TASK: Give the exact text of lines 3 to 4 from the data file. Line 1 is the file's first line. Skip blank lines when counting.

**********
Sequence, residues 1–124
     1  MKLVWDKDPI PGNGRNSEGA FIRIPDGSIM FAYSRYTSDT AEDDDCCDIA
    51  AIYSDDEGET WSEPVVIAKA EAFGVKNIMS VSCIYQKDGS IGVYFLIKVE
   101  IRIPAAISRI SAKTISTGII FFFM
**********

    51  AIYSDDEGET WSEPVVIAKA EAFGVKNIMS VSCIYQKDGS IGVYFLIKVE
   101  IRIPAAISRI SAKTISTGII FFFM